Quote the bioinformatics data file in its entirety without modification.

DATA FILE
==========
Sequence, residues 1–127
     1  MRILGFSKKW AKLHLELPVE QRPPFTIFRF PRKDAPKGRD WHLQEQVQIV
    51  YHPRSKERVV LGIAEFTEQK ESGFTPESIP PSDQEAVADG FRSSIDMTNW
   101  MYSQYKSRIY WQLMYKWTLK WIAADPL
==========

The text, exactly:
Sequence, residues 1–127
     1  MRILGFSKKW AKLHLELPVE QRPPFTIFRF PRKDAPKGRD WHLQEQVQIV
    51  YHPRSKERVV LGIAEFTEQK ESGFTPESIP PSDQEAVADG FRSSIDMTNW
   101  MYSQYKSRIY WQLMYKWTLK WIAADPL